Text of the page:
Whelan’s voice is evocative and inspired (Bono, Jim Kerr, Lou Reed, Iggy Pop): "They stood in the rain | And said that they didn't care | Said they were almost there | And that they were not alone | We are careless souls | Following a careless moon | We sing a careless song | Hung on a careless tune" (Careless Child).
The Lou Redd influence (with or without Velvet) is evident in the intro of "If God Was a Girl" as for the beautiful "Careless Child", but the heavy hand of psychedelic and expressionist rock is everywhere, which impressed a deep sign on An Emotional Fish.
Whelan is an excellent singer, and very well supported by the spoken guitar of David Frew and the rolling drums of Maritn Murphy, as proved  by "Hole in my Heaven" and the exciting "Rain" which takes the place that "Celebrate" had in the previous record.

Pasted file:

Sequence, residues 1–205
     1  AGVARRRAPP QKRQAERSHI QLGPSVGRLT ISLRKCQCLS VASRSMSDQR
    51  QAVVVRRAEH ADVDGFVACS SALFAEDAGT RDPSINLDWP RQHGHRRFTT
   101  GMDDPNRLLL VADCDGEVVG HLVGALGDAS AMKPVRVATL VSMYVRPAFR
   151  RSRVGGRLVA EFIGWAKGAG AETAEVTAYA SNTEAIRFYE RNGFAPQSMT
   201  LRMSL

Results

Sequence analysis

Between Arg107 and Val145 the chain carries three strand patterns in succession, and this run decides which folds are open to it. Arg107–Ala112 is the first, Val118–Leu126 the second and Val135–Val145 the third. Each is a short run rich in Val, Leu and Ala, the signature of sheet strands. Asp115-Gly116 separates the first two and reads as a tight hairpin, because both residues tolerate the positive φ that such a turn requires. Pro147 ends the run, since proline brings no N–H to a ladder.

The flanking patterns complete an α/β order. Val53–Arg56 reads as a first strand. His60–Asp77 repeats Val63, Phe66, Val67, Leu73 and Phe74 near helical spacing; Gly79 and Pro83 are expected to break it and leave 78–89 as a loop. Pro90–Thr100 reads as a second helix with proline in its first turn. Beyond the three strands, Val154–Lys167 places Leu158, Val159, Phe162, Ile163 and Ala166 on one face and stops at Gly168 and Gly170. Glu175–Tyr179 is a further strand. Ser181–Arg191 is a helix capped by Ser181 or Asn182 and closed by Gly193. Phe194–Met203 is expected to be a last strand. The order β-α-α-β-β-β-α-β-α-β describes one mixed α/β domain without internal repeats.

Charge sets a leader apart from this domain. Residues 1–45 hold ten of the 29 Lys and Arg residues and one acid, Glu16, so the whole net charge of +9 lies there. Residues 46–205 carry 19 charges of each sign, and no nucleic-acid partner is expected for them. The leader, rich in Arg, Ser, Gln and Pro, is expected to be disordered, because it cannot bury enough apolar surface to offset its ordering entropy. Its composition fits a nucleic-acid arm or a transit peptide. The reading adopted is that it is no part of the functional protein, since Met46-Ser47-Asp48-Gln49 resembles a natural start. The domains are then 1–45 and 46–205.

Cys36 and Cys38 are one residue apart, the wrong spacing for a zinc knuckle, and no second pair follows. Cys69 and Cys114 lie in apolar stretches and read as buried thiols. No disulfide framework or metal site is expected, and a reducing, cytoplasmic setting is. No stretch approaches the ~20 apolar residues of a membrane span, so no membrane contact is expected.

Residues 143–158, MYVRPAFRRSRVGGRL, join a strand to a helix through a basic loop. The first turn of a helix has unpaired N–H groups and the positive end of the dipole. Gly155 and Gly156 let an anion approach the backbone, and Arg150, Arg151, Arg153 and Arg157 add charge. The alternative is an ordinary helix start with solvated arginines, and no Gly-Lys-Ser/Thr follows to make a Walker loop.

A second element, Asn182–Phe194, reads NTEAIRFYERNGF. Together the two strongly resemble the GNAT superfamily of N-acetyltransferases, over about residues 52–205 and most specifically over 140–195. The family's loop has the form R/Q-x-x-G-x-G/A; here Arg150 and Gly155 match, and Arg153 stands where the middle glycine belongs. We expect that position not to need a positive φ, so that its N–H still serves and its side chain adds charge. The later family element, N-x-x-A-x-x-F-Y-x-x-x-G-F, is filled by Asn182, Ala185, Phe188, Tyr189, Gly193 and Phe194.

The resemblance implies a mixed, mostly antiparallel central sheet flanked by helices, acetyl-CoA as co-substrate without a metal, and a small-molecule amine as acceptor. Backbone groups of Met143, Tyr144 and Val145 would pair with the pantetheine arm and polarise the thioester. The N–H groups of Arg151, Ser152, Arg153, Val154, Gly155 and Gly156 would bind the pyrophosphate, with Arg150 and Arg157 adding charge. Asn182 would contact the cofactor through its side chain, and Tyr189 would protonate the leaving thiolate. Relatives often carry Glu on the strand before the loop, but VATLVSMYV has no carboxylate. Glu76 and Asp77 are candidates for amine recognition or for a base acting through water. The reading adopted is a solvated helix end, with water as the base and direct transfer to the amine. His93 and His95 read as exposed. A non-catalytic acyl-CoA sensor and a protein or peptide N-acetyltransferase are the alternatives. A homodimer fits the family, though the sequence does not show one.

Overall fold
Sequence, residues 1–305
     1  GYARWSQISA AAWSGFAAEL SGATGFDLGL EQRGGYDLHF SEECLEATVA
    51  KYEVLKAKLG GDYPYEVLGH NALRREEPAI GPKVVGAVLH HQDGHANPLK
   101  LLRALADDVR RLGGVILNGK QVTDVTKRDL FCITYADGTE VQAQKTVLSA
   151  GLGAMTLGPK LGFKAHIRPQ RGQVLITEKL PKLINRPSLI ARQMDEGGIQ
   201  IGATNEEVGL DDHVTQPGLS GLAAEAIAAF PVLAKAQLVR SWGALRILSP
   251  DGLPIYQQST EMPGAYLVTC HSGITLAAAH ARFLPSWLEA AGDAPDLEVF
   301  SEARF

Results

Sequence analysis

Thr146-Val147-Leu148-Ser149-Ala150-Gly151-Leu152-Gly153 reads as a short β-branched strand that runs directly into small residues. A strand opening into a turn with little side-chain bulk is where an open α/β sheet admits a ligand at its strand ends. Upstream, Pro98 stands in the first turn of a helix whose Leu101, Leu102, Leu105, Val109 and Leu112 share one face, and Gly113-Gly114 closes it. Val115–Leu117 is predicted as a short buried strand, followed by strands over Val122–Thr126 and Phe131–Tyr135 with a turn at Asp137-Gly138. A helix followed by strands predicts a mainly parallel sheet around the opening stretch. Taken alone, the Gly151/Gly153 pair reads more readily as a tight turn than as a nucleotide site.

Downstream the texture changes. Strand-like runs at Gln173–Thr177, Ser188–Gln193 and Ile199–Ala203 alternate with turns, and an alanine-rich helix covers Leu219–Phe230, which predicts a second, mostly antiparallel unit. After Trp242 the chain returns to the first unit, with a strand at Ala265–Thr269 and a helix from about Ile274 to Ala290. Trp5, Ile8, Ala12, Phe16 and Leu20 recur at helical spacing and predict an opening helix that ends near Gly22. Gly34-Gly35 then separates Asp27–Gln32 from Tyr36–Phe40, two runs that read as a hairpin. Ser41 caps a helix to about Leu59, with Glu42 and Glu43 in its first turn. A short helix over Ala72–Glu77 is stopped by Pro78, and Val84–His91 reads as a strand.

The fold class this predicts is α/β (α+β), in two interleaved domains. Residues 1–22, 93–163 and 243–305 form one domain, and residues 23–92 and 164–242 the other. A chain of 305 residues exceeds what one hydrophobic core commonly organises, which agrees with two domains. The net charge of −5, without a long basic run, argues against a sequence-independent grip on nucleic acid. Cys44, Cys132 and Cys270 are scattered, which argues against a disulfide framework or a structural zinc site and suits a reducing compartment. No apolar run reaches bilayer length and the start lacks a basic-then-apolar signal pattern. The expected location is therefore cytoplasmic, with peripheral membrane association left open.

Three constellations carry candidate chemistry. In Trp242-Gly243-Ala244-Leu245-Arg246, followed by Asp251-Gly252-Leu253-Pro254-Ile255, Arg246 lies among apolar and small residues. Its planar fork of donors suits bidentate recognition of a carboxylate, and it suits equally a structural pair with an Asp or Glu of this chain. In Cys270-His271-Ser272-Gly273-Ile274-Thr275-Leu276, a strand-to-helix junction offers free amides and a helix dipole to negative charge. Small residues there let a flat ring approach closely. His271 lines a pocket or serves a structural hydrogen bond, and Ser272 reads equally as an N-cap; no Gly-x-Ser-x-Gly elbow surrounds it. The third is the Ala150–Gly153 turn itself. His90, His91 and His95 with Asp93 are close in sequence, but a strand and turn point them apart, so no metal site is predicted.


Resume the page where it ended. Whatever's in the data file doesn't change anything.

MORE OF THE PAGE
Rating:  8 / 10

by Peppe Videtti -    Rock Star July/August 1993

The "creative top" of the An Emotional Fish, Junk Puppets, caused them the loss of their major contract. Strange but it's what happened. After a debut album containing "Celebrate", also performed as cover by Vasco, in this work AEF mixed at one go pop, rock and electronics, advancing british music times. But only few realized, and didn't care about U2's call, which wanted them as support band of Zooropa World Tour. Electric ballads, songs with guitars in pop styles, important tours. Who knows what didn't work for AEF...~ Taken from "40 smeraldi preziosi" .Junk Puppets has been judged 28th on a list of the 40 best irish albums.

by Rock Star July 1998

An Emotional Fish Album  (Atlantic)

When one mentions Ireland and rock musician in the same sentence, it is usually to describe such rock acts as U2 and Sinead O'Connor. However, a new band has emerged from the Emerald Isle.
An Emotional Fish is perhaps the next super band to pop out of Ireland's treasure chest of rock.